ICLS faculty published numerous books this fall, including the following titles:

  • Three Summers by Margarita Liberaki, translated from the modern Greek by Classics and Hellenic Studies professor Karen Van Dyck. This is the story of three sisters growing up in the countryside near Athens before the Second World War. Over three summers, the girls share and keep secrets, fall in and out of love, try to figure out their parents and other members of the tribe of adults,worry about and wonder who they are. Karen Van Dyck’s translation “vividly reenacts Liberaki’s color-saturated prose.”
  • The Perils of One by Classics, English, and Comparative Literature professor Stathis Gourgouris. Societies have long been seduced by the temptation of unitary thinking. Recognizing the vulnerability of existence, people and cultures privilege regimes that confer authority on a single entity, which they embrace with unquestioned devotion. The Perils of the One offers a philosophical anthropology that confronts the legacy of “monarchical thinking”: the desire to subjugate oneself to unitary principles and structures, political, moral, theological, or secular.
  • School Photos in Liquid Time: Reframing Difference by English professor Marianne Hirsch. From clandestine images of Jewish children isolated in Nazi ghettos and Japanese American children incarcerated in camps to images of Native children removed to North American boarding schools, classroom photographs of schoolchildren are pervasive even in repressive historical and political contexts. School Photos in Liquid Time: Reframing Difference offers a closer look at this genre of vernacular photography, tracing how photography advances ideologies of social assimilation as well as those of hierarchy and exclusion.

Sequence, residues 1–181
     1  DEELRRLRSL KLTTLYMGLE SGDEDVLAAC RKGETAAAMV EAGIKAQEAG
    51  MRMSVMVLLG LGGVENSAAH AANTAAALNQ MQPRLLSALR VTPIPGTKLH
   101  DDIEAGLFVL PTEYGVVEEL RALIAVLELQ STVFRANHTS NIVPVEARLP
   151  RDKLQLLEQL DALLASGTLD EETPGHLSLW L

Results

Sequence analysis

• The Drama of Celebrity by English professor Sharon Marcus. Why do so many people care so much about celebrities? Who decides who gets to be a star? Do celebrities ever deserve the outsized attention they receive?  The Drama of Celebrity challenges everything you thought you knew about our obsession with fame. Icons are not merely famous for being famous; the media alone cannot make or break stars; fans are not simply passive dupes. Instead, journalists, the public, and celebrities themselves all compete, passionately and expertly, to shape the stories we tell about celebrities and fans.